@Luke Column-oriented looks pretty much like a schema-less RDBMS, but besides of its loose structure, the main difference is than it is not relationnal. –  user327961 Sep 28 '11 at 13:01

The main difference is that document stores (e.g. MongoDB and CouchDB) allow arbitrarily complex documents, i.e. subdocuments within subdocuments, lists with documents, etc. whereas column stores (e.g. Cassandra and HBase) only allow a fixed format, e.g. strict one-level or two-level dictionaries.

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In "insert", to use rdbms words, Document-based is more consistent and straight foward. Note than cassandra let you achieve consistency with the notion of quorum, but that won't apply to all column-based systems and that reduce availibility. On a write-once / read-often heavy system, go for MongoDB. Also consider it if you always plan to read the whole structure of the object. A document-based system is designed to return the whole document when you get it, and is not very strong at returning parts of the whole row.

The column-based systems like Cassandra are way better than document-based in "updates". You can change the value of a column without even reading the row that contains it. The write doesn't actualy need to be done on the same server, a row may be contained on multiple files of multiple server. On huge fast-evolving data system, go for Cassandra. Also consider it if you plan to have very big chunk of data per key, and won't need to load all of them at each query. In "select", Cassandra let you load only the column you need.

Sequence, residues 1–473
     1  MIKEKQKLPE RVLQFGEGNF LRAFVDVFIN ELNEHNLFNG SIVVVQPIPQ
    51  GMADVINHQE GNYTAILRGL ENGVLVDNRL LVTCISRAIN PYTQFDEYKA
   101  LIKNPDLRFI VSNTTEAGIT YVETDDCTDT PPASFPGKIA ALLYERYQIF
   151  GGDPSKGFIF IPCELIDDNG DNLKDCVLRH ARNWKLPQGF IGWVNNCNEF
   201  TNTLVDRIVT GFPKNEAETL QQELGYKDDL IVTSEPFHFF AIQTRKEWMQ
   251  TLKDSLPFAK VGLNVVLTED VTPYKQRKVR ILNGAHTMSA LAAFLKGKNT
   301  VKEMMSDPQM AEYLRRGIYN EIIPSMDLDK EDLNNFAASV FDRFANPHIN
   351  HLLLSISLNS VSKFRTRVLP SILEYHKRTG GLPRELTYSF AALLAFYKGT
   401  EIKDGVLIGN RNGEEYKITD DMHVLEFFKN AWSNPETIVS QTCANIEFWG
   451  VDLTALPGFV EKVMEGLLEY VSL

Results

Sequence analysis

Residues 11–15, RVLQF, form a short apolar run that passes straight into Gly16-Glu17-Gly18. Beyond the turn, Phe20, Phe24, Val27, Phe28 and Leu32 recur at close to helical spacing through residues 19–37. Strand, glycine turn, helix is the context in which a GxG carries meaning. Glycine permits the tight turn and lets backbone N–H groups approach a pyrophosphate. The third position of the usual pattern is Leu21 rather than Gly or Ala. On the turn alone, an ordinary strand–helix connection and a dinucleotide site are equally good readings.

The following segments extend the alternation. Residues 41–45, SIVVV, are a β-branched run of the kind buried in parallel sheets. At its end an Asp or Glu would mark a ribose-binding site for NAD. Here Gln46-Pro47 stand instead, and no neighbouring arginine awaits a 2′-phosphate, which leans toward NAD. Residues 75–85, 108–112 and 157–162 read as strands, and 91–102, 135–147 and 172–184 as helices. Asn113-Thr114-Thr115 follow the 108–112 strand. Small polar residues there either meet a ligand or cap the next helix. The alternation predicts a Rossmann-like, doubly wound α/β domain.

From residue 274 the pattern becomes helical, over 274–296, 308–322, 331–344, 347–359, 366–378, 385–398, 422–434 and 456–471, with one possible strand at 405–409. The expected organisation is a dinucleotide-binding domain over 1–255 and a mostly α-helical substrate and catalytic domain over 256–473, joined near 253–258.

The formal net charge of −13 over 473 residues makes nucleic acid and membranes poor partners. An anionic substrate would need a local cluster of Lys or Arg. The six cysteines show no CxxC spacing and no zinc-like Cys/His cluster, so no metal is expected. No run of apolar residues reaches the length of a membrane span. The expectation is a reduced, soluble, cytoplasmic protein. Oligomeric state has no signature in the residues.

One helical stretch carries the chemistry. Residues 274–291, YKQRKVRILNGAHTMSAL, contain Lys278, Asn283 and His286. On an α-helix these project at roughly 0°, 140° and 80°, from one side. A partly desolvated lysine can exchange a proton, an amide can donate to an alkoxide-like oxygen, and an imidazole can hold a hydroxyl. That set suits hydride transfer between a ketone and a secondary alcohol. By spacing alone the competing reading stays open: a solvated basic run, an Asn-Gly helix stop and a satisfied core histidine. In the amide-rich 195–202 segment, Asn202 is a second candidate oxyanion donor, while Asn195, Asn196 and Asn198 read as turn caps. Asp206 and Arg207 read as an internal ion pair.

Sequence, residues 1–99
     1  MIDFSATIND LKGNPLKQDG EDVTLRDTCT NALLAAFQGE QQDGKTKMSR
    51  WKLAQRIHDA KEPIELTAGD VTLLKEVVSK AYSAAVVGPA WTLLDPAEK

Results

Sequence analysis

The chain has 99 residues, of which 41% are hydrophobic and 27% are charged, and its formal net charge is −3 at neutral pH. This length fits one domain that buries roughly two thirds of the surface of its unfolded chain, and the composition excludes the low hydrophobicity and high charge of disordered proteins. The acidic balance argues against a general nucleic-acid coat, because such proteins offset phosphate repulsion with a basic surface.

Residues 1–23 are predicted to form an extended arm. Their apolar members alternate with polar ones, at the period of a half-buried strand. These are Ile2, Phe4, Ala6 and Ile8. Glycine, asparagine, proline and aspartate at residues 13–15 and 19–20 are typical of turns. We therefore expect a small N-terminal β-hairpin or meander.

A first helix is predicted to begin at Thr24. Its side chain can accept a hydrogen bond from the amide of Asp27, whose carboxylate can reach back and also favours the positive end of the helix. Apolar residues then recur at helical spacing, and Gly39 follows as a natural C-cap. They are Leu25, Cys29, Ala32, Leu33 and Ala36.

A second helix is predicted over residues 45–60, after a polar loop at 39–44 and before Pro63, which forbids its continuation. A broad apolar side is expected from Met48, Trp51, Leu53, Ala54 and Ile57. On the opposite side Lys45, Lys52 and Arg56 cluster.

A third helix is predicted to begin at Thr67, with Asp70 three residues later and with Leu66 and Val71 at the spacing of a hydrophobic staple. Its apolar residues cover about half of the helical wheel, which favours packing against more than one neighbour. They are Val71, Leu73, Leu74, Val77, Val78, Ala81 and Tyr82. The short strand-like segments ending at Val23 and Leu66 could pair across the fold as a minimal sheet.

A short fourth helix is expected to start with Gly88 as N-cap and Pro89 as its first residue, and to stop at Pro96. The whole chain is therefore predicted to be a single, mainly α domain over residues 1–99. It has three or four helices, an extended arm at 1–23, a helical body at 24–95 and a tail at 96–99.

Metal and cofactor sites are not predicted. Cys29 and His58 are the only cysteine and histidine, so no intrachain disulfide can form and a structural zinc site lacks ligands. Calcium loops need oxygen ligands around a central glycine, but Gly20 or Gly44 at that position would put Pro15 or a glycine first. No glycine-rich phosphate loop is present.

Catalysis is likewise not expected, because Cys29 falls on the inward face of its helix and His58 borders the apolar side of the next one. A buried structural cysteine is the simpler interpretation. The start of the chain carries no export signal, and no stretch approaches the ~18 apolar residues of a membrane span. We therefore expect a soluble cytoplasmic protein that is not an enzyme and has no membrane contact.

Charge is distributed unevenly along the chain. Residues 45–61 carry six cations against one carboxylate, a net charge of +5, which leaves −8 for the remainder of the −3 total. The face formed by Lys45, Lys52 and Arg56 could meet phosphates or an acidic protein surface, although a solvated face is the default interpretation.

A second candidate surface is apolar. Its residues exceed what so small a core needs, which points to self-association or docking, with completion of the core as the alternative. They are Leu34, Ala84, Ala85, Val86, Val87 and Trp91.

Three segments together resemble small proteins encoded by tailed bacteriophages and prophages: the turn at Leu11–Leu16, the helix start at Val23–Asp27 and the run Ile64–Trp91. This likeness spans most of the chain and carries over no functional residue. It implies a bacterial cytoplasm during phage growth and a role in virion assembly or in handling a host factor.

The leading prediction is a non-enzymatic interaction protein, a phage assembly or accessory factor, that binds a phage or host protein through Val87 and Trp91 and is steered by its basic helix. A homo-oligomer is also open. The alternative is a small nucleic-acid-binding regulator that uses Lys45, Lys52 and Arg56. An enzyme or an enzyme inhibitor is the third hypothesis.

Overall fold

Also consider that Mongo DB is written in C++, and is at its second major release, while Cassandra needs to run on a JVM, and its first major release is in release candidate only since yesterday (but the 0.X releases turned in productions of major company already).

On the other hand, Cassandra's designed was partly based on Amazon Dynamo, and it is built at its core to be an High Availibility solution, but that does not have anything to do with the column-based format. MongoDB scales out too, but not as gracefully as Cassandra.